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Near the city of Kraljevo, on a narrow plateau on top of a rocky ridge by the river Ibar, stand the remains of the medieval city of Maglič. Originally built in the 13th Century, the fortress was reconstructed by Archbishop Danilo II between 1324 and 1337, who founded a monastic school here.
The builders of the city’s massive ramparts, up to two metres wide, followed the shape of the mountain as they built, giving the fortress its irregular polygon shape. The excellent strategic position of this medieval city, surrounded by the river on three sides, made Maglič ideal for defending the nearby monasteries of Žiča and Studenica from the onslaught of the advancing Turkish army. When it eventually fell to Ottoman Turks, Maglič became the centre of the nahiye comprised of its wider area.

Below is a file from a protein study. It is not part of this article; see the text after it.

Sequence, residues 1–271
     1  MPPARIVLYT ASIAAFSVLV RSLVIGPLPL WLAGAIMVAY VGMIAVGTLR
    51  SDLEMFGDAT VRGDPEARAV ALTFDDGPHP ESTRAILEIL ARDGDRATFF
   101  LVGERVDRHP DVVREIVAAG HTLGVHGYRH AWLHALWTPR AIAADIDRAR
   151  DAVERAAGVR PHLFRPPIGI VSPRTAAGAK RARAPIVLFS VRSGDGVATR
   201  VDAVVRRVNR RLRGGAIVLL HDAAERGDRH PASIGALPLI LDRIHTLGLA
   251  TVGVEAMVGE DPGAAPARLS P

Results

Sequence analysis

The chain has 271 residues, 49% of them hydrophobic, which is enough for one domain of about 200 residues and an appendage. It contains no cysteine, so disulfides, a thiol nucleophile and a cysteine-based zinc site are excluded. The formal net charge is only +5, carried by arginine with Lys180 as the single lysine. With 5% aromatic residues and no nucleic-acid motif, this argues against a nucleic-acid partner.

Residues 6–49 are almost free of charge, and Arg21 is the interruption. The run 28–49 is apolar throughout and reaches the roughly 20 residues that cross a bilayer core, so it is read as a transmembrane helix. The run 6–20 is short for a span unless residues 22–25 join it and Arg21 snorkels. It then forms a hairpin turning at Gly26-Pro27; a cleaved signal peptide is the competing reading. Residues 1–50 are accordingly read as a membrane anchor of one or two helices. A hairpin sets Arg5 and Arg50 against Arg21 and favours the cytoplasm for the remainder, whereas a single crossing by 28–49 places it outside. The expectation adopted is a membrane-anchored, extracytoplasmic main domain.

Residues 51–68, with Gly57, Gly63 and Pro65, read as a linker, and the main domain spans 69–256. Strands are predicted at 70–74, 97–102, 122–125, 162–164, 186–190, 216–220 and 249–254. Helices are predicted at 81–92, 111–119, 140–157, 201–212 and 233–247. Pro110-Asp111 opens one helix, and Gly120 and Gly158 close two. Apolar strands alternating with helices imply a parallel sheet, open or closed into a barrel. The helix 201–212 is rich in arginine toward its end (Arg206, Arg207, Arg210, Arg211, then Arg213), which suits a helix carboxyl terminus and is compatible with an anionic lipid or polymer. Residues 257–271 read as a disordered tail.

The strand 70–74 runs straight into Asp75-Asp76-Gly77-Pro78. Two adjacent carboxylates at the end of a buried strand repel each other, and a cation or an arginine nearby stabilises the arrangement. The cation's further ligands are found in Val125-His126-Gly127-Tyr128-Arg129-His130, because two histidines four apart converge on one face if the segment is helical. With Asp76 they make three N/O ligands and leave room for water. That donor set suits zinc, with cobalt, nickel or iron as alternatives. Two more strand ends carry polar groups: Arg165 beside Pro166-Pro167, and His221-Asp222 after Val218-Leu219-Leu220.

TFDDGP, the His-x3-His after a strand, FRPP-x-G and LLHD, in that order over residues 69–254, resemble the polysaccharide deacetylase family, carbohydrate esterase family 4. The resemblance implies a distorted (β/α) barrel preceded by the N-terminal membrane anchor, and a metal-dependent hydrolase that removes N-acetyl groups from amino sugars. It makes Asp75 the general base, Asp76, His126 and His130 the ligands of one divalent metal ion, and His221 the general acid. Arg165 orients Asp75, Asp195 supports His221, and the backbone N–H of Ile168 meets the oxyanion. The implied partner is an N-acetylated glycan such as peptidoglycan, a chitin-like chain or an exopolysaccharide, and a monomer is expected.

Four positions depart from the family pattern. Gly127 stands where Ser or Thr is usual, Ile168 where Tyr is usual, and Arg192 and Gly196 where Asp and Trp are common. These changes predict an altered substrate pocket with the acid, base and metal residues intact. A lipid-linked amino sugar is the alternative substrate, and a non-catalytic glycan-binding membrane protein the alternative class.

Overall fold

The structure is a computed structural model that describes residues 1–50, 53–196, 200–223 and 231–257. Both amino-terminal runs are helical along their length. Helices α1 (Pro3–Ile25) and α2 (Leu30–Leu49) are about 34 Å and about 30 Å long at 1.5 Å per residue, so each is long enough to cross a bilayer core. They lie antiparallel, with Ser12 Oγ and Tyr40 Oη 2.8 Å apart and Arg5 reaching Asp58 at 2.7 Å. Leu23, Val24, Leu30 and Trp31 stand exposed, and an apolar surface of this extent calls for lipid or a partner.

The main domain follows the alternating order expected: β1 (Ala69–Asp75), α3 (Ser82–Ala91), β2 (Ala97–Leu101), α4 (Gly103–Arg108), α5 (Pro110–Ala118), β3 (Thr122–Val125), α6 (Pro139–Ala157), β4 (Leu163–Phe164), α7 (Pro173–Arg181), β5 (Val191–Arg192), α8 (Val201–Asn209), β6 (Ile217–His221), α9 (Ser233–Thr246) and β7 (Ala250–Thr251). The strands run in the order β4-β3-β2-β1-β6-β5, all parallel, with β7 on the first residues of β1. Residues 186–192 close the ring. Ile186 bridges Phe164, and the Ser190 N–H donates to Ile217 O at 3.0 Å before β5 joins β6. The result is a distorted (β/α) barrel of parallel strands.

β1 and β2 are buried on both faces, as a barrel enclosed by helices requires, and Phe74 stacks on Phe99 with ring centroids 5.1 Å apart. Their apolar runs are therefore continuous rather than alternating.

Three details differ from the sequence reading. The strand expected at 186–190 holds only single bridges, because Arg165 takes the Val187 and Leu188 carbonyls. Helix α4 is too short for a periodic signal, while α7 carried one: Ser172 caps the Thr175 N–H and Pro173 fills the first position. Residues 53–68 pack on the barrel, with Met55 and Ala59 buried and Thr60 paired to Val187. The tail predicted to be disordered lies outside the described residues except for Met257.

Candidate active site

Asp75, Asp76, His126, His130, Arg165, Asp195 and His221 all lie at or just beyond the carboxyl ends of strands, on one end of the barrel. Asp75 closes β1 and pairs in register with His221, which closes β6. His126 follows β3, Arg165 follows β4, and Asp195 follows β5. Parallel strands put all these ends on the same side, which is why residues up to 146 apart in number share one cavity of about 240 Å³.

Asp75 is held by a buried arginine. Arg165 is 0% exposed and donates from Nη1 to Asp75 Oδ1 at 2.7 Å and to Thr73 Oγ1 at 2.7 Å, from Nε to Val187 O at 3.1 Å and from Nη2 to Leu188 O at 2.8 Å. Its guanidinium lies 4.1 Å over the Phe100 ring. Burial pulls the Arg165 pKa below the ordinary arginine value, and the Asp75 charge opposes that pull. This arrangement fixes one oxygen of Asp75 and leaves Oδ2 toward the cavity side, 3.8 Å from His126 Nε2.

Today, strong stone walls and seven large towers stand on the rock rising above the Ibar gorge. The relatively well-preserved keep tower gives visitors a good view of the environment in which the fort’s masters lived and worked in olden times.
Inside the city’s walls remains of a bakery, a water tank and a church dedicated to Saint George with gothic architectural elements have been found.